Glaciers and ice caps reached their Holocene (the past 10 000 years) maximum extent in most mountain ranges throughout the world towards the end of the Little Ice Age, between the 17th and mid-19th century. Over the past hundred years a trend of dramatic shrinking is apparent over the entire globe, especially at lower elevations and latitudes. Within this general trend, strong glacier retreat is observed in the 1930s and 1940s, followed by static conditions around the 1970s and by increasing rates of glacier wasting after the mid 1980s. There are short-term regional deviations from this general trend and intermittent re-advances of glaciers in various mountain ranges occurred at different times. The trend of worldwide glacier shrinking since the end of the Little Ice Age is consistent with the increase in global mean air temperature. The decline in solar radiation at the Earth’s surface (global dimming) in the second half of the 20th century and the transition from decreasing to increasing solar radiation in the late 1980s may be due to the industrial pollution of the atmosphere and the more effective clean-air regulations together with the decline in the economy in Eastern European countries, respectively. This might explain some of the glacier mass gains around the 1970s and the subsequent strong mass losses. Significantly increased precipitation has been linked to the advance of glaciers on the west coast of New Zealand and Norway in the 1990s and can give valuable insight into regional climate oscillations such as the El Niño/Southern Oscillation or the North Atlantic Oscillation.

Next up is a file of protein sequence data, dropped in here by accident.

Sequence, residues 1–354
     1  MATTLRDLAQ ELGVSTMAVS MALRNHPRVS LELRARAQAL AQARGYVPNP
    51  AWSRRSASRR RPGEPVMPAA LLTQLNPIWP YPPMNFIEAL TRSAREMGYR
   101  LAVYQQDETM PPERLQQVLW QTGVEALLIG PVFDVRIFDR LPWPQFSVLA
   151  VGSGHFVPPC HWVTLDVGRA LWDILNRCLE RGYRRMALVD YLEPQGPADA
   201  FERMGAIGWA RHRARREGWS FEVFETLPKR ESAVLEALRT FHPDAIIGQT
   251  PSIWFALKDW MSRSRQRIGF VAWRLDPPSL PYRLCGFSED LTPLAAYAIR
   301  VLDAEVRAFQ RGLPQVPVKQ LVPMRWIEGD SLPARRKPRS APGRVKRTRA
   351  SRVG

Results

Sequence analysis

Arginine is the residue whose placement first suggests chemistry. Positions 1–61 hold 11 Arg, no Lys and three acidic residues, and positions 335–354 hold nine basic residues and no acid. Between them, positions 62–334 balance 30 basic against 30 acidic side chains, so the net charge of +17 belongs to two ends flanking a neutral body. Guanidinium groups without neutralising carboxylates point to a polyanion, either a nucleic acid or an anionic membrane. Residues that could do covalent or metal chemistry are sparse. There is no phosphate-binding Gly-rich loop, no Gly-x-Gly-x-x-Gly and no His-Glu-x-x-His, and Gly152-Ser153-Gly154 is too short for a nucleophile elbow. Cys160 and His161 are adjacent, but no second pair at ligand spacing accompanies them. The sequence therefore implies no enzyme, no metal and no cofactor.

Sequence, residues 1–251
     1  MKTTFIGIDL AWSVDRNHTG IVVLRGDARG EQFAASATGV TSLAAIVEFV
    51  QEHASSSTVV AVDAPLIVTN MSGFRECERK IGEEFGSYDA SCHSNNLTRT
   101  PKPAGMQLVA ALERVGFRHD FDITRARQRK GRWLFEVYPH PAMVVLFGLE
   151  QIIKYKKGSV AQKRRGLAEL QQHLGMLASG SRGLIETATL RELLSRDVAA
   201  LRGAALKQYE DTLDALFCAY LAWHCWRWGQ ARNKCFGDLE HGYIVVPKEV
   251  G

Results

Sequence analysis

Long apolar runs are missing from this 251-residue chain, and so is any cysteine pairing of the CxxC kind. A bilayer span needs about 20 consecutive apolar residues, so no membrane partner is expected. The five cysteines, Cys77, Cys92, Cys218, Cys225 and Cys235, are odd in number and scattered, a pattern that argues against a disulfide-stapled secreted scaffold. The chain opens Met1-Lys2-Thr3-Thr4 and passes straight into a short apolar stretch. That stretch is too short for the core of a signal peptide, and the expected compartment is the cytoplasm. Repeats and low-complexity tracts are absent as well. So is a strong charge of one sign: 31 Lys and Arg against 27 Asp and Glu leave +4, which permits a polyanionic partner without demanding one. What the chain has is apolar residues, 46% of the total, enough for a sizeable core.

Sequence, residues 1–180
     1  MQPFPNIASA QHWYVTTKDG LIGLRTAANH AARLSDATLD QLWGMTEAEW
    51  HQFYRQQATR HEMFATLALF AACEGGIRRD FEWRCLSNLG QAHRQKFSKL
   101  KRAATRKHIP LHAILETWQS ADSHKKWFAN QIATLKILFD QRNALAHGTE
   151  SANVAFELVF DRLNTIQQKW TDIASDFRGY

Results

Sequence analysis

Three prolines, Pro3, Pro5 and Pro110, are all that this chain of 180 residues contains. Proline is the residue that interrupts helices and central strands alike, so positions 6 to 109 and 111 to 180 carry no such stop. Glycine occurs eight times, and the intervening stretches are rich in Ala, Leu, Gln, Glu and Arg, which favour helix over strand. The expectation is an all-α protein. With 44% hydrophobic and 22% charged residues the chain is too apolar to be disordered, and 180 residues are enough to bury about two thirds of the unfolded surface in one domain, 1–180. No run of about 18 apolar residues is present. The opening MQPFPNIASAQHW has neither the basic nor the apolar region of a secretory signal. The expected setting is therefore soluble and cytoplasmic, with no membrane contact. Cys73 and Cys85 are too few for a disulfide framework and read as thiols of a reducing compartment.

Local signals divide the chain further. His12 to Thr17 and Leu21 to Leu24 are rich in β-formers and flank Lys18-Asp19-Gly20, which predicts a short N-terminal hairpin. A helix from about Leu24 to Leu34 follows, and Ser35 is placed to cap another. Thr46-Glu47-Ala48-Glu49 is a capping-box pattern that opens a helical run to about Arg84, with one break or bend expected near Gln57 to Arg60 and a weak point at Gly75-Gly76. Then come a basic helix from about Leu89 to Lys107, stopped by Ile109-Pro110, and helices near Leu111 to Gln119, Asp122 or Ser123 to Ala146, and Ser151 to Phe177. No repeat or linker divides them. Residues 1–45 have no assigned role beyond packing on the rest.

From collection: Global Outlook for Ice and Snow
Hugo Ahlenius, UNEP/GRID-Arendal